Anchoring Success: DfT’s Maritime Investment Sparks Technological Advancements

MarRI-UK Impact analysis

The Department for Transport (DfT) has been pivotal in driving innovation within the maritime sector, investing £5.3 million in projects managed by Maritime Research and Innovation UK (MarRI-UK). These projects have led to a range of positive outcomes, including leveraging further public and private investment, commercial services deployment and the spin-out of a private company to further develop the technology. As the projects near completion, we have gathered evidence to assess their impacts. A more comprehensive assessment will be conducted in early 2025 when all projects are completed.

MarRI-UK, a collaborative platform comprising industry, academia, and government, has overseen 23 research projects funded by the DfT over the past four years. These projects, spanning clean maritime initiatives, technological innovations, and smart maritime land operations (SMLO), are integral to enhancing the efficiency and sustainability of the maritime industry. In turn maritime is essential to the UK economy, with around 95% of all import and export tonnage being transported by sea[1].

The rationale for government investment in research and development (R&D) is well-established. By mitigating the risks associated with innovation and fostering knowledge spillovers, public funding stimulates private investment and drives economic growth. The UK government’s innovation strategy underscores the significant economic benefits derived from R&D funding, with every £1 of public investment generating £7 in economic returns[2].

The impacts of DfT funding through MarRI-UK have been profound. Involving 69 project partners, with a total investment of £9.0 million, including contributions from other sources, these projects have created 58.5 full-time equivalent jobs. In addition, the total amount of further investment attracted is estimated a total of £68.3m in additional funding across the clean maritime and technology and innovation themes (figures not available for SMLO), which included£19.9m public funding and £48.4m in private investment. Basically, every £1 of initial funding (private and public) led to further investment of £13.20 (private and public), while every £1 of DfT initial funding leveraged a further £16.70 in private investment.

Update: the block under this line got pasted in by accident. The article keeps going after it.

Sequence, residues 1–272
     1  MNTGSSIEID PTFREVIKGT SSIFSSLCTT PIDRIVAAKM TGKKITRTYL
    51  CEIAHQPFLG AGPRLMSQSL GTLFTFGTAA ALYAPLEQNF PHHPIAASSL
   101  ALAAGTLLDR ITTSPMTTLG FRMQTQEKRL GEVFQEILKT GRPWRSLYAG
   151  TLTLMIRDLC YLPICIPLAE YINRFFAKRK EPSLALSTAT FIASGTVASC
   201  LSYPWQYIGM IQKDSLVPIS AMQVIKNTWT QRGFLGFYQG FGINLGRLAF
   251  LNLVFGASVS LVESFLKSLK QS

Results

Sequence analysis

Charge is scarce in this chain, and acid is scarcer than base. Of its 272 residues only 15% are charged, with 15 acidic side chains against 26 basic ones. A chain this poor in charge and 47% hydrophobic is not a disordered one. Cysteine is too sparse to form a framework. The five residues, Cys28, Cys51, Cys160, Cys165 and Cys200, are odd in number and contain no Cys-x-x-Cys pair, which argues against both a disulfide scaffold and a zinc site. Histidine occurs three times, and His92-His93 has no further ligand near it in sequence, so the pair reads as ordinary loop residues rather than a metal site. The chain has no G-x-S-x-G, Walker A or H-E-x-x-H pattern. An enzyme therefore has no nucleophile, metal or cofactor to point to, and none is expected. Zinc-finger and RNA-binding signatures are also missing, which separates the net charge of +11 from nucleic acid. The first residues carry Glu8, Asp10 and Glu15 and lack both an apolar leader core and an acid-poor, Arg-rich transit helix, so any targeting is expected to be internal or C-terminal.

Notable successes include the “WaveMaster Zero C” project, which secured £10 million in public funding and £32 million in private investment to develop the world’s first electric Service Operation Vessel (SOV). Other projects, such as the Maritime Cyber Risk Assessment Tooling (MaCRA) and Portonomy, have led to commercial developments and operational enhancements, addressing critical challenges in cybersecurity and autonomous vessel integration.

Despite these achievements, challenges persist, including fuel uncertainty, regulatory hurdles, and skill shortages. Addressing these obstacles will be crucial to sustaining the momentum of innovation in the maritime sector and ensuring its long-term viability.

Looking ahead, ongoing monitoring and evaluation of project outcomes will provide valuable insights into the efficacy of DfT’s investment strategy. As the maritime industry continues to evolve, continued government support for research and innovation will be essential for driving progress and maintaining the UK’s position as a global maritime leader.

In conclusion, the DfT’s initial £5.3 million investment in maritime R&D has yielded significant dividends, fostering innovation, creating jobs, and attracting further investment. While challenges remain, the successes achieved underscore the importance of sustained government support for technological advancement in the maritime sector.

To download the full impact analysis note, please click here.


[2] See the UK government’s innovation strategy at (p10).

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